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I have a set of noisy data that I am fitting using Gaussian Process Regression via Python's sklearn package. The posterior mean of the GP is essentially my output with an associated error. Based on either the posterior mean or the original data itself, is there a systematic or recommended routine to calculate gradients (i.e. derivative of y respect to x) of the original data via GP?

I was planning to simply apply a basic finite difference approximation of the fit, but am wondering if this is a good idea or if there are better techniques (preferably compatible with sklearn) that permit accurate computation of the gradient and its associated propagating error. I am only seeking a solution in 1 dimension (i.e. gradient in x). But suggestions for calculating gradients in multidimensional space via GP are also welcome.

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  • $\begingroup$ Is a 'Gaussian Process Regression' with a posterior mean any different from Bayesian linear regression? You might attract more useful replies if you use simpler language. $\endgroup$ – Frans Rodenburg Oct 24 '18 at 7:40
  • $\begingroup$ You should not use finite differences because there are better ways to do this. If your kernel is twice differentiable then your GP is differentiable. Have a look at this question and its answer: stats.stackexchange.com/questions/180823/… $\endgroup$ – g g Oct 24 '18 at 20:24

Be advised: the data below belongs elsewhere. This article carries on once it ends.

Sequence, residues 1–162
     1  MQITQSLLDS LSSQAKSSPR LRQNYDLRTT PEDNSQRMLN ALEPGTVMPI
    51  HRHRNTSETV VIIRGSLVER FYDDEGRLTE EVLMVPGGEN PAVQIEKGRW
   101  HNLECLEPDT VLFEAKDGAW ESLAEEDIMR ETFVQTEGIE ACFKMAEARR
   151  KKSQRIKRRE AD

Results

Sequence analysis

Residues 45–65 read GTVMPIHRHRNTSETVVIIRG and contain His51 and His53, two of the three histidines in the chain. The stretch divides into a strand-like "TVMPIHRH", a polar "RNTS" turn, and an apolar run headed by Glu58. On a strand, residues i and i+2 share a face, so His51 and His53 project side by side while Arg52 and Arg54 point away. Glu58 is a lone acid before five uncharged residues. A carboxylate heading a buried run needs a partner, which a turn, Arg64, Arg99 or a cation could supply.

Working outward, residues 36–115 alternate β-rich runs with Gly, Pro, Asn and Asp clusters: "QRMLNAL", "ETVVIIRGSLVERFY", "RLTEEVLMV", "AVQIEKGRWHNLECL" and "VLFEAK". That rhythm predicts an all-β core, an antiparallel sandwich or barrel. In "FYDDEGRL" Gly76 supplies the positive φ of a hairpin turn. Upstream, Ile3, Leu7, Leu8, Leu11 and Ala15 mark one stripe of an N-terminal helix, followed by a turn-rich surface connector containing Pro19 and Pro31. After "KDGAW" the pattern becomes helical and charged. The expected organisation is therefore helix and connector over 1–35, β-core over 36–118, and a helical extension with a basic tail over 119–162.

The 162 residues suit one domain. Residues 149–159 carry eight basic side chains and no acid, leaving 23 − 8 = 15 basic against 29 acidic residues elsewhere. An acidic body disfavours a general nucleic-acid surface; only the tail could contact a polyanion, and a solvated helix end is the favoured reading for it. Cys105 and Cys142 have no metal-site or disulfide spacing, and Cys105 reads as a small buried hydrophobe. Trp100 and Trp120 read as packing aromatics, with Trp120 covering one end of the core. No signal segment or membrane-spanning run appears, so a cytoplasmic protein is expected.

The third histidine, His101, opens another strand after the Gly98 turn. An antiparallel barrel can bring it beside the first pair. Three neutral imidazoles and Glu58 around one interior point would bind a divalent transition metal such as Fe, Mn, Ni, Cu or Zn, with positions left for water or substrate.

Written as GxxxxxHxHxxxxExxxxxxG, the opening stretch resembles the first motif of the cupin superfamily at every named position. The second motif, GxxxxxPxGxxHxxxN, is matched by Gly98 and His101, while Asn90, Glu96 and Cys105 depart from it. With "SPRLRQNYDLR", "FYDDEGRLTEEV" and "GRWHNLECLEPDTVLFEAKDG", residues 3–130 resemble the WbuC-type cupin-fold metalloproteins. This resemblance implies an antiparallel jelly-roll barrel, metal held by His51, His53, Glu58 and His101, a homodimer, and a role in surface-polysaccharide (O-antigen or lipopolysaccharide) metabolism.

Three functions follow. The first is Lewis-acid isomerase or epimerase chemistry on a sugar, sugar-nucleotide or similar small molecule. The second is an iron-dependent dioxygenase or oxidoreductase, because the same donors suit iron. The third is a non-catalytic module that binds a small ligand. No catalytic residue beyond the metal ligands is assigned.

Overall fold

• $\begingroup$ Ah and I forgot here you find more theory: link.springer.com/chapter/10.1007/978-3-642-21738-8_20 $\endgroup$ – g g Oct 24 '18 at 20:36
  • $\begingroup$ @gg Awesome, that's almost exactly what I was searching for. If that can be supplemented with a simple example code implementation (e.g. computing derivatives of a GP with SE kernel on some random data set), that would answer my question. $\endgroup$ – Mathews24 Oct 25 '18 at 12:20
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Gaussian process regression (GPR) gives a posterior distribution over functions mapping input to output. We can differentiate to obtain a distribution over the gradient. Below, I'll derive an expression for the expected gradient. There's no need to use finite differencing, as it can be computed in closed form (as long as the covariance function is differentiable; otherwise it doesn't exist).

Expression for the expected gradient

Assume the model:

$$y = f(\mathbf{x}) + \epsilon, \quad \epsilon \underset{\text{i.i.d.}}{\sim} \mathcal{N}(0, \sigma_n^2)$$

where the observed output $y \in \mathbb{R}$ is a function of input $\mathbf{x} \in \mathbb{R}^d$, plus i.i.d. Gaussian noise with variance $\sigma_n^2$. Say we fit a GPR model with differentiable covariance function $k$. Let $X = \{\mathbf{x_1}, \dots, \mathbf{x_n}\}$ denote the training inputs, and let $\mathbf{y} = [y_1, \dots, y_n]^T$ denote the corresponding training outputs. Let $\mathbf{x_*}$ denote a new input, and let $f_*$ be a random variable representing the function value at $\mathbf{x_*}$.

We want to compute $E[\nabla f_* \mid X, \mathbf{y}, \mathbf{x^*}]$, the expected gradient of the function evaluated at $\mathbf{x_*}$ (where the gradient is taken w.r.t. the input and the expectation is over the GPR posterior distribution). Because differentiation is a linear operation, this is equivalent to $\nabla E[ f_* \mid X, \mathbf{y}, \mathbf{x_*}]$, the gradient of the expected function value (i.e. posterior mean) at $\mathbf{x_*}$.

The expected function value at $\mathbf{x_*}$ is:

$$E[f_* \mid X, \mathbf{y}, \mathbf{x_*}] = \sum_{i=1}^n \alpha_i k(\mathbf{x_i}, \mathbf{x_*})$$